A drug already in use for several cancers was found effective in a study of leptomeningeal dissemination of cancer (LMD). LMD affects the lining of the brain and spinal cord, called the meninges. About 5-10% of patients with solid tumors eventually develop cancers in these parts of the central nervous system.
Breast cancer is the most common malignancy to metastasize to the leptomeninges. “LMD is typically deadly and patients may live only a few weeks after a diagnosis of LMD,” says Priscilla Brastianos, MD, director of the Central Nervous Metastasis Center at Massachusetts General Hospital.
In this study, the researchers tested pembrolizumab in patients with LMD from any solid malignancy. Brastianos is the lead author on the paper, which included authors from both Mass General and the Dana-Farber Cancer Institute. Their work was recently published in Nature Medicine.
More About the Study
This study included 20 patients, all women and 17 of them had breast cancer. In 70% of the patients, the original tumor had spread to other areas besides the meninges, including the lymph nodes and bone. All of the patients had received intensive treatment prior to the study: On average they had five prior systemic therapies.
Pembrolizumab (Keytruda) is a monoclonal antibody that acts by binding to the PD-1 (programmed death-1) cell surface receptor. It is one in a class of immunotherapies that has gotten a lot of attention over the last few years because they are remarkably effective, though only in a small percent of patients. As of January 2020, pembrolizumab was FDA approved for more than a dozen solid tumors.
“LMD is becoming more common as we improve the diagnosis of this disease,” Brastianos says. “We have been looking for a treatment for a long time. Almost every clinical trial in oncology excludes patients with LMD because patients with LMD can be very sick.”
In this study, patients received 200 mg of pembrolizumab intravenously every three weeks until their disease had clearly progressed or they were experiencing unacceptable toxicity. The researchers reported that “Pembrolizumab is safe, feasible and displays promising activity in LMD patients.”
Currently LMD is treated mainly with radiation to sites where the disease is seen with imaging studies. Systemic or focused chemotherapy is also used. But management of the disease varies widely and there is no broadly accepted standard of care. In addition, radiation to the brain and spinal cord can have serious side effects.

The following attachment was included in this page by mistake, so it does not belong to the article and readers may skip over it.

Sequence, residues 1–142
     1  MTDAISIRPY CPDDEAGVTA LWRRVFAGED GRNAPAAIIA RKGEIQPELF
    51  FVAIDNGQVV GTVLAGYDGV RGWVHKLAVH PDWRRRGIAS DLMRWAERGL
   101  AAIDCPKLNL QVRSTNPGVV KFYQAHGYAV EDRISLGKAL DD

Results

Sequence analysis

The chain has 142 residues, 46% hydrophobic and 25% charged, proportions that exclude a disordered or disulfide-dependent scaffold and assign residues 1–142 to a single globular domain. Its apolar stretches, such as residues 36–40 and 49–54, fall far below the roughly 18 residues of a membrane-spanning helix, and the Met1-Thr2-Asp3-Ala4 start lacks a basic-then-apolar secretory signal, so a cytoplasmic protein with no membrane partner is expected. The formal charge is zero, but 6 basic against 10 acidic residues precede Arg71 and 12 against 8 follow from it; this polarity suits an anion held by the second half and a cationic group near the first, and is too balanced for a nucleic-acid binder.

“It’s good to know that there is a promising option,” says Brastianos.
Paper cited: Brastianos PK, Lee EQ, Cohen JV, et al. Single-arm, open-label phase 2 trial of pembrolizumab in patients with leptomeningeal carcinomatosis [published online ahead of print, 2020 Jun 1]. Nat Med. 2020;10.1038/s41591-020-0918-0.
Funding: Funding was provided by the Melanoma Research Alliance, the Breast Cancer Research Foundation, Merck and the Massachusetts General Hospital. P.K.B. and S.L.C. are supported by the National Cancer Institute (1R01CA227156-01, 5R21CA220253-02 and 1R01CA244975-01). P.K.B. is also currently supported by the Damon Runyon Cancer Research Foundation and has previously received funding from the Susan G. Komen Foundation, the American Brain Tumor Association, the Terri Brodeur Breast Cancer Foundation and the Conquer Cancer Foundation.
About the Massachusetts General Hospital
Massachusetts General Hospital, founded in 1811, is the original and largest teaching hospital of Harvard Medical School. The Mass General Research Institute conducts the largest hospital-based research program in the nation, with annual research operations of over $1 billion and comprises more than 9,500 researchers working across more than 30 institutes, centers and departments. In August 2019, the Mass General was named #2 in the U.S. News & World Report list of "America’s Best Hospitals."